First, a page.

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C. ONSRT. Exploring the optical properties of nitrogen- vacancy color centers in diamond Andrew Cook and Hailin Wang  Department of Physics, University of Oregon, Eugene, Oregon 97403 . Andrew Cook. Dr. Hailin Wang. Introduction:

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C

ONSRT

Exploring the optical properties of nitrogen- vacancy color centers in diamond

Andrew Cook and Hailin Wang 

Department of Physics, University of Oregon, Eugene, Oregon 97403

Andrew Cook

Dr. Hailin Wang

Introduction:

Nitrogen-Vacancy (NV) color centers are defects in diamond with unique optical properties. Diamond containing NV centers is one of only a handful of crystals that exhibit Electromagnetcally Induced Transparency (EIT). Electron spin resonance in NV centers has decay times on the order of tens of microseconds at room temperature. It is our goal to find new ways to optically manipulate the electronic spin states of NV centers, as well as to use diamond nanocrystals containing NV centers in whispering gallery cavity QED experiments.

Energy levels of NV centers:

The NV center has a spin triplet ground state that with the spin 0 level split from the spin +/-1 levels by 2.9 GHz. The excited state is a triplet and no breaking of degeneracy has bee observed.. The spin +1 and spin –1 levels are nearly degenerate, but split by 17 MHz due to a lack of crystal symmetry. A decay emits light of 637 nm if the electron is does not decay into a metastable state (not shown).

Crystal Structure:

A nitrogen-vacancy center consists of a missing carbon atom adjacent to a nitrogen impurity. NV centers occur only very rarely in natural diamond, but are more common in synthetic diamond which tends to have a more vacancies and nitrogen impurities. Proximity to other lone nitrogen atoms reduces spin coherence times.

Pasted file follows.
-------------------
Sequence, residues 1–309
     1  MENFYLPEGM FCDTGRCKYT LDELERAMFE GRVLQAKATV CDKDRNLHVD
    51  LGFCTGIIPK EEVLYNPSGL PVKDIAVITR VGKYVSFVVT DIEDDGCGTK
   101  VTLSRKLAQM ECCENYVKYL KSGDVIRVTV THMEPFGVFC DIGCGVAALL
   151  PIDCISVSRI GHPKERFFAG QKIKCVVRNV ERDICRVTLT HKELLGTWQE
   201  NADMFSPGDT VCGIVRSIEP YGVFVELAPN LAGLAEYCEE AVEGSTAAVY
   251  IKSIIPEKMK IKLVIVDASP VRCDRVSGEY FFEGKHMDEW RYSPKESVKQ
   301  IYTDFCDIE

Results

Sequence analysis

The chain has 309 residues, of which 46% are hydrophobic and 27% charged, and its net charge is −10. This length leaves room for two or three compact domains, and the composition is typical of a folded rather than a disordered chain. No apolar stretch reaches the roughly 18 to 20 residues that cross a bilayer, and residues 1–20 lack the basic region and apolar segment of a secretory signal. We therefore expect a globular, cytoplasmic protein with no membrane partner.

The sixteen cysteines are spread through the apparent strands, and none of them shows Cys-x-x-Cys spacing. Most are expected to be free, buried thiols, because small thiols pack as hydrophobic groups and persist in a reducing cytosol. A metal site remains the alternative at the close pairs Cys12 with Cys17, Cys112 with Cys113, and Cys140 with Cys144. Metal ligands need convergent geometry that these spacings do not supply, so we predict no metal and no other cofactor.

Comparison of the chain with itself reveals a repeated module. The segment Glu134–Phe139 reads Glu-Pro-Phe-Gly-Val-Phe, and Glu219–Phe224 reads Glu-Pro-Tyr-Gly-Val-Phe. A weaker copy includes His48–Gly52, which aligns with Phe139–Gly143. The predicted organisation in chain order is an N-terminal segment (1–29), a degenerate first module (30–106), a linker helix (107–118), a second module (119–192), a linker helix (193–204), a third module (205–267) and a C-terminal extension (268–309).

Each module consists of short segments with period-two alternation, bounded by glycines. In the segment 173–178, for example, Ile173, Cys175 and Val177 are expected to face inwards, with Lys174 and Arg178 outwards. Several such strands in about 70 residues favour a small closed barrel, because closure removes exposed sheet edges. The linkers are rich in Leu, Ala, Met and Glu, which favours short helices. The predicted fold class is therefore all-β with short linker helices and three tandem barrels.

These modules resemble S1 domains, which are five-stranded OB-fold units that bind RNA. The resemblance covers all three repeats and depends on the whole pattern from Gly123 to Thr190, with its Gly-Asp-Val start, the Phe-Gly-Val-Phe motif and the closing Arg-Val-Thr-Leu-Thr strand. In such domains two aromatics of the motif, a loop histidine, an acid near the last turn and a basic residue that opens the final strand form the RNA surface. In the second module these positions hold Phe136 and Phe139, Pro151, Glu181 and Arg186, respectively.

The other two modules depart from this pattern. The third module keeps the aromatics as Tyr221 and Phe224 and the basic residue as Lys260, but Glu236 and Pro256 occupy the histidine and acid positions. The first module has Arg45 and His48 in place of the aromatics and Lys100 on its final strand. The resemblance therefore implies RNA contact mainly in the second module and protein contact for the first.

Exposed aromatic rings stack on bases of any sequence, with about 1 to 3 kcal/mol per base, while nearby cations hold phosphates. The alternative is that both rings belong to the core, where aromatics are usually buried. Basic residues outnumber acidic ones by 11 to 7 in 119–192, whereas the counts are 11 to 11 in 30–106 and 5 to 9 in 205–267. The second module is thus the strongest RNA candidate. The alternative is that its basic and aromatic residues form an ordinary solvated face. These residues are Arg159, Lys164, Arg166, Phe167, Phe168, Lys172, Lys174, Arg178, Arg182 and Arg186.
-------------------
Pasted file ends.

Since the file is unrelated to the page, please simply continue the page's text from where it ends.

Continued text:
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PL spectra of irradiated diamond nanocrystals:

Producing NV Centers in diamond nanocrystals:

Currently we are studying the optical properties of synthetic diamond nanocrystals (50 nm diameter). We start with a few grams of diamond nanocrystals produced for polishing hard drive surfaces. We then irradiate the diamond nanocrystals with electrons or neutrons to knock carbon atoms out of the lattice, producing vacancies. We irradiate with 6 MeV electrons at a food irradiation facility in China with an exposure time of 20 hours (~ 10^18 e-/cm^2 total). We also irradiate samples with an equivalent fluence of 1-6 MeV neutrons in the core of the Oregon State University. This process, however, leaves the samples radioactive due to trace heavy metal impurities. Since the size of the diamond nanoparticles is much smaller than the wavelength of light corresponding to energy transitions (637 nm), the diamond nanocrystals can readily emit and absorb light regardless of diamond’s high index of refraction.

Photoluminescent spectrum of electron irradiated and annealed 50 nm diamond nanocrystals bought from element 6 (deBeers). The 637 nm peak to the left is the inhomogeneously broadened transition of interest.

NV centers via CVD:

We are also studying NV centers produced by Chemical Vapor Deposition (CVD) in collaboration with Steve Rand at the University of Michigan. In CVD, a diamond crystal is formed by when a high pressure and high temperature jet of gas in the presence of Methane, composed of carbon and hydrogen. Room temperature Electromagnetically Induced Tranparency experiments are underway on these samples.

Motivating Experiments:

The diagram to the right displays EIT results from an experiment by Hemmer. A magnetic field was applied along the [111] diamond crystal direction to reduce the splitting between spin -1 and spin 0 levels to 120 MHz, allowing mixing between transitions. This experiment was performed at 15 K. However, Rabi oscillations have been observed at room temerature by Jelezko.

NV centers via and Cavity QED:

Work has begun to couple individual NV centers in nanocrystals to high Q silicon microspheres such as the one pictured to the left. A laser evanescnetly couples into the cavity and shows cavity mode structure as it scans wavelength. When the cavity couples to a transition of an atom on the waist of the cavity, changes in mode structure are observed. It is our goal to couple NV centers to the microsphere whispering gallery without reducing its Q factor.

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References

Acknowledgement

* Jelezko, “Spectroscopy of Single N-V centers in DiamondSingle Molecules 2 (2001) 4, 255-260

** Hemmer, “Raman-excited spin coherences in nitrogen-vacancy diamond” Optics Letters Vol 26 No. 6 March 15 2001

DARPA

©2005 University of Oregon, Department of Physics, acook1@uoregon.edu


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